Think it through: Unannounced delays in clearing Chinese imports hurt Indian firms, smarter strategy needed

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The marked deterioration of India-China ties has manifested itself in the economic sphere. There have been complaints from industry bodies over the last few days that their imports from China are being held up in ports. So much so that MSME minister Nitin Gadkari had to write to the finance and commerce ministers to sort out the matter. His point being that it’s Indian firms who are hurting, as imports they have paid for are being held up.

Gadkari is spot on. For sure, India has to begin disentangling its economy from China’s. But the manner in which it needs to be done has to be thought through. Knee-jerk reactions will only add to domestic stress. It could lead to shortage of medicines and healthcare equipment, essential to fight Covid. It calls into question India’s reliability as a manufacturing destination for MNCs. For example, the unusual delays in clearing merchandise coming in from China have also hurt MNCs whose supply chains span many geographies. The US-India Strategic Partnership Forum has alerted the government to the damage arising out of these delays.

Globalisation now spans all sectors of an economy. As Gadkari observed, a farmer delegation met him to urge removal of unannounced delays in customs clearances at ports as their imports of sprays for pesticides have been held up. Some Indian exporters are also at the receiving end of retaliatory action by the Chinese. None of these examples take away the need to distance India from some Chinese equipment right away. Telecom network equipment and merchandise imports for the power sector are strategic areas, gravely vulnerable to cyber attacks. There shouldn’t be room for illusions anymore: if we allow the Chinese to hack our networks and conduct cyberwarfare, they will.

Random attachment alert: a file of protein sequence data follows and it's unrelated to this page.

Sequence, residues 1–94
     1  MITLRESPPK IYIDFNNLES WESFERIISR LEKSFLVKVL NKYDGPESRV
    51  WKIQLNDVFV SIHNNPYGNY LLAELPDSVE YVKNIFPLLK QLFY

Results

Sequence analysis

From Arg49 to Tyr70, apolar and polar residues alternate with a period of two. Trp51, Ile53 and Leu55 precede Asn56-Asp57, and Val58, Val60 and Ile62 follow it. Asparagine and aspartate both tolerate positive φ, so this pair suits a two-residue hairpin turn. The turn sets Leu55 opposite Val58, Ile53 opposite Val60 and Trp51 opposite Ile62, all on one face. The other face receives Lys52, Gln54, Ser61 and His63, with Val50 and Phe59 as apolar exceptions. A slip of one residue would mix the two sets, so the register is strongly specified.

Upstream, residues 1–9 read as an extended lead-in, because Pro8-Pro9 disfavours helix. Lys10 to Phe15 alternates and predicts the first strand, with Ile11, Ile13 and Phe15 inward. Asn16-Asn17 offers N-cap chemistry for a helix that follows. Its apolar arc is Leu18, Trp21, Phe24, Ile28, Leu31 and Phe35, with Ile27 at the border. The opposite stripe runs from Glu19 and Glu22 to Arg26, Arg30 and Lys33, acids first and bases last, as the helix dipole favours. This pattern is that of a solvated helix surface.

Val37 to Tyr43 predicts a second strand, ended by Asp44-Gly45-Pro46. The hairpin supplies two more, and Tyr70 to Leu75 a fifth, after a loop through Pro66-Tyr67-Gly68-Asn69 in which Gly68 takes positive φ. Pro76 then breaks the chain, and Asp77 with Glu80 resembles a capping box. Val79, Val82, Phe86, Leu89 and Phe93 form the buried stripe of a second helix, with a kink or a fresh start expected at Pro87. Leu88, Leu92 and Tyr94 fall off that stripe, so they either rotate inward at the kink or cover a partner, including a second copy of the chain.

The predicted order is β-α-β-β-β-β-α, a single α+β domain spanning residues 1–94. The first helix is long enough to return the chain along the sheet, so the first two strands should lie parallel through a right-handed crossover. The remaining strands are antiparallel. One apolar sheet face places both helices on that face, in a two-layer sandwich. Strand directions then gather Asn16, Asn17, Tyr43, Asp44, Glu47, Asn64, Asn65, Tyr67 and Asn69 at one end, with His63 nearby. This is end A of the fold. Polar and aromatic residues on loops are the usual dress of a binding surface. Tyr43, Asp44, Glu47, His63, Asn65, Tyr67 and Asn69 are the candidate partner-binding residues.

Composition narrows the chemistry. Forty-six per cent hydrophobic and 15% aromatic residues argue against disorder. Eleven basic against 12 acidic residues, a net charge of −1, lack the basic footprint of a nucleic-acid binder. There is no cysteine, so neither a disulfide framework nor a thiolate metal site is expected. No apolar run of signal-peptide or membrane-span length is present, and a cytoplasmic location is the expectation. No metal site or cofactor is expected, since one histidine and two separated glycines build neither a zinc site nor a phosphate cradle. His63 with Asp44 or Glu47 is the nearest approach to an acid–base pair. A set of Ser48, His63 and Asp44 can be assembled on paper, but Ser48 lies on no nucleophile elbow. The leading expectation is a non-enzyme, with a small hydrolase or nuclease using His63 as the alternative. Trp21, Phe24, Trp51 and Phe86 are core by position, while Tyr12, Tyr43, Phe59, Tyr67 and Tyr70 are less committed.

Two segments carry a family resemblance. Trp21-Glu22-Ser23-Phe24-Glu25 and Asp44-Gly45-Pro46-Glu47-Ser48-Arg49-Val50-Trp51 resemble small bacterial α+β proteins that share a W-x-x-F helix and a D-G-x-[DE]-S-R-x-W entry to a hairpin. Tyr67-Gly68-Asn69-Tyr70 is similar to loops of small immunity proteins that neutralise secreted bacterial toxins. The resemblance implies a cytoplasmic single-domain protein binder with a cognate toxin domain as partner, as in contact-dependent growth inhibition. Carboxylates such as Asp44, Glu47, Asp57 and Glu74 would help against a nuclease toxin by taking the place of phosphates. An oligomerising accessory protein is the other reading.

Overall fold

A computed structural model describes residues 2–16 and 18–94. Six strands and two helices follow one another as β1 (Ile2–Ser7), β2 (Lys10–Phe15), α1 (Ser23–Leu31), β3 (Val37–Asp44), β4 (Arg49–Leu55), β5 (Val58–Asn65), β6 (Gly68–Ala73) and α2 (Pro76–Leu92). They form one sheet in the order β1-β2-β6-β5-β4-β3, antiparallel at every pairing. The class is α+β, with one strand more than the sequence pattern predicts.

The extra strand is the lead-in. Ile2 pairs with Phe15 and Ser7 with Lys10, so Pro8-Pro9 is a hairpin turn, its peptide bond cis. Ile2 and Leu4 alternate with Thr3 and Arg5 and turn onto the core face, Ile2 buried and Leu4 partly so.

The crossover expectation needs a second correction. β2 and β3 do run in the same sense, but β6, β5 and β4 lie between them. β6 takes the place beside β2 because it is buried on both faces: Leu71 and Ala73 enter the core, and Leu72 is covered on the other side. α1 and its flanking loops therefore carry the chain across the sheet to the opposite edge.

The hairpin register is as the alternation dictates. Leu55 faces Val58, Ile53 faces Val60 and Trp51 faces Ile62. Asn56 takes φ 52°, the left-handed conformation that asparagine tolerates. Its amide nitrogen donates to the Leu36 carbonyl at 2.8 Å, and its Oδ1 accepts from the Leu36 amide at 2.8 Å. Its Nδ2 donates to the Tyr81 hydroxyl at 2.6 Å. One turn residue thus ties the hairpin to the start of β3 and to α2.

But there must be a smarter strategy, overall, on imports. A modern economy is a highly complex network whose component parts cannot be disentangled through simplistic measures. India has the right intent in reducing its dependence on China. But this needs to come about after a realistic assessment of the situation and deciding on stages of disengagement. To prevent further damage to the domestic economy, unannounced measures such as checking all consignments even in a fast track system must be rolled back. India’s ability to wean away supply chains from China depends partly on the reputation it has in the ease of doing business. Delays won’t burnish it.

This piece appeared as an editorial opinion in the print edition of The Times of India.

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